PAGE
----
Nov 30 2013, 9:27pm

Post #8 of 16 (263 views)
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Oh, you're probably right [In reply to] Can't Post

I just did not see any need to ommit that detail--which could easily have been explained in dialog or narration.

'There are older and fouler things than Orcs in the deep places of the world.' - Gandalf the Grey, The Fellowship of the Ring


Barrow-Wight
Rohan


Dec 1 2013, 5:22am

Post #9 of 16 (246 views)
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in the EE Commentary [In reply to] Can't Post

In the commentary for FOTR Phillipa called him out twice for neglecting little details. once after Gandalf falls off the bridge she says " I don't know why you didn't have the rest of the bridge collapse like it does in the book" or something similar. Then again at Amon Hen I think PJ says Aragorn tells Frodo goodbye at that point in the book but Phillipa tells him that Aragorn never says goodbye to him at Amon Hen in the book. I could be wrong on that one though

also never ask Phillipa why they don't use the Eagles to fly to Mt Doom lol



Barrow-Wight
Rohan


Dec 1 2013, 5:27am

Post #10 of 16 (261 views)
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100% agree [In reply to] Can't Post

Yes that scene is perfect just like the rest of the ending very satisfying end to the trilogy. I don't know if you noticed but another person pointed out on here that when Frodo turns around to look at his friends for the last time you know that big close up. Well if you look real closely he actually looks at the camera and nods as if he's saying goodbye to us too! it blew my mind the first time I saw it like that it gave me chills lol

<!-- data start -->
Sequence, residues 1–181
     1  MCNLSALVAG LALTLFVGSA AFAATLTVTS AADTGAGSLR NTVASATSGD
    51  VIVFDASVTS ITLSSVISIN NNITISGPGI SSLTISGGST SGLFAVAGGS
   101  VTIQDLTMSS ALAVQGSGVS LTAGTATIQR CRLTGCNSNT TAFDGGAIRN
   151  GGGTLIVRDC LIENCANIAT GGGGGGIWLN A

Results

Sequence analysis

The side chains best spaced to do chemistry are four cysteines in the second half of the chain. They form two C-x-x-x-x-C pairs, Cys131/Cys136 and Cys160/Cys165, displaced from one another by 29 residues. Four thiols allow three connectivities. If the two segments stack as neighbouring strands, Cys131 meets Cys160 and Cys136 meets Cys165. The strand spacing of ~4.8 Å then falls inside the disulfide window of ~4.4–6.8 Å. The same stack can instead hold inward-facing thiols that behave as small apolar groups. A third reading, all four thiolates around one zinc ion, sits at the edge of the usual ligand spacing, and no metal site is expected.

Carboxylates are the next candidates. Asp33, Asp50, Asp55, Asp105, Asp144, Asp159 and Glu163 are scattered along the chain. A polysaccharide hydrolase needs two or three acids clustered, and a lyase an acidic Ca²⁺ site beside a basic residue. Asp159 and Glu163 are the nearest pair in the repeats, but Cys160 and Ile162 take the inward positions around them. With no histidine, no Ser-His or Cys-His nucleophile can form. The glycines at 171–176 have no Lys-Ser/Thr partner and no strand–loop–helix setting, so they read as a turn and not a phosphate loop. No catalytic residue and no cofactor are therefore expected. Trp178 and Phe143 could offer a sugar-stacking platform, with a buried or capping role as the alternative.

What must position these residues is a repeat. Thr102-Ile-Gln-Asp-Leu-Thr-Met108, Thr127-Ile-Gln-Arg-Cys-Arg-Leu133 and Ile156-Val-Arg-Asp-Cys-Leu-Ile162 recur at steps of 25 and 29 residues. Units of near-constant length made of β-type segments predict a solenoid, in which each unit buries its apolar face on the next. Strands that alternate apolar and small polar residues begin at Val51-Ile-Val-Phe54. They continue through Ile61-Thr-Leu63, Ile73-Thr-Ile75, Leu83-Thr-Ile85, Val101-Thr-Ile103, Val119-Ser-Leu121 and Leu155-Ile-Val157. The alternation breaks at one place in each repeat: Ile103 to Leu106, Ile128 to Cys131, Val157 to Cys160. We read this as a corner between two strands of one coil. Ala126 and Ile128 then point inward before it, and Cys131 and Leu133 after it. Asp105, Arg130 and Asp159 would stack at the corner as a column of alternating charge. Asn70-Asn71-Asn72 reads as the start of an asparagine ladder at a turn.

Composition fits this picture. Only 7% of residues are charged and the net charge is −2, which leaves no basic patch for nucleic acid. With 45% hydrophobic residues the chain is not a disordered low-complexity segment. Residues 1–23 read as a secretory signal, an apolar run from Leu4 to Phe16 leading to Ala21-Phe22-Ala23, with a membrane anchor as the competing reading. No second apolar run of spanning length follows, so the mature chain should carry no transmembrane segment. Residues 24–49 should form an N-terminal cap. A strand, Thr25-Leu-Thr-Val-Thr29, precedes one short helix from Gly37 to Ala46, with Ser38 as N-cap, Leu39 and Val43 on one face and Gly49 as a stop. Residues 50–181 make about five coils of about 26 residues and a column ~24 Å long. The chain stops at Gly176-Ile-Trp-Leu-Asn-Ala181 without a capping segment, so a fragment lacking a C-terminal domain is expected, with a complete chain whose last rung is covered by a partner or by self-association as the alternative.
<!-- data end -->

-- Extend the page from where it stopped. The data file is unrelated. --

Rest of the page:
dijomaja
Lorien

Dec 4 2013, 12:10pm

Post #11 of 16 (174 views)
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agreed [In reply to] Can't Post

I never understood the idea that LOTR had some fairy-tale happy ending where, in the words of a noted British author, "...everyone goes back to the Shire and drinks ale". These people must not have watched the whole movie, much less read the book.


Eruonen
Tol Eressea


Dec 5 2013, 4:38pm

Post #12 of 16 (165 views)
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The only thing I don't like is the feeling that [In reply to] Can't Post

the Grey Havens was near empty and the implication that this was the "last ship" to sail into the West. I understand for a movie scene they wanted to capture that feeling. But the "real" history goes on into the 4th Age. Also, the ship does not reveal interior cabins yet everyone disappears from view upon boarding....odd. Who actually sails the ship? Cirdan needed to be there as well.